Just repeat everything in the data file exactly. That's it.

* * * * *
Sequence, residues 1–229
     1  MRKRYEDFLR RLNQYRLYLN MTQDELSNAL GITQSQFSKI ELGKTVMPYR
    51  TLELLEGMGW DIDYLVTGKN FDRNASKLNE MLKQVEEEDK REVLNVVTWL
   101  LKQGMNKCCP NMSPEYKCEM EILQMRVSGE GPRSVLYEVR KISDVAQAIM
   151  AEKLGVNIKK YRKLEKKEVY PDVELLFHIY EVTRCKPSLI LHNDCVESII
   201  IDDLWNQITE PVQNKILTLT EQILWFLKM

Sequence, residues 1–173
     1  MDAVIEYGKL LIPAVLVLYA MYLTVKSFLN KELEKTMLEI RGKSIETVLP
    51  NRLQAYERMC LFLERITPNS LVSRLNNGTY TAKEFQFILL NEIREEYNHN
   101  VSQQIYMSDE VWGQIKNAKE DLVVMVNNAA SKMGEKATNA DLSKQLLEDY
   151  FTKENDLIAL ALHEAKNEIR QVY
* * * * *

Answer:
Sequence, residues 1–229
     1  MRKRYEDFLR RLNQYRLYLN MTQDELSNAL GITQSQFSKI ELGKTVMPYR
    51  TLELLEGMGW DIDYLVTGKN FDRNASKLNE MLKQVEEEDK REVLNVVTWL
   101  LKQGMNKCCP NMSPEYKCEM EILQMRVSGE GPRSVLYEVR KISDVAQAIM
   151  AEKLGVNIKK YRKLEKKEVY PDVELLFHIY EVTRCKPSLI LHNDCVESII
   201  IDDLWNQITE PVQNKILTLT EQILWFLKM

Sequence, residues 1–173
     1  MDAVIEYGKL LIPAVLVLYA MYLTVKSFLN KELEKTMLEI RGKSIETVLP
    51  NRLQAYERMC LFLERITPNS LVSRLNNGTY TAKEFQFILL NEIREEYNHN
   101  VSQQIYMSDE VWGQIKNAKE DLVVMVNNAA SKMGEKATNA DLSKQLLEDY
   151  FTKENDLIAL ALHEAKNEIR QVY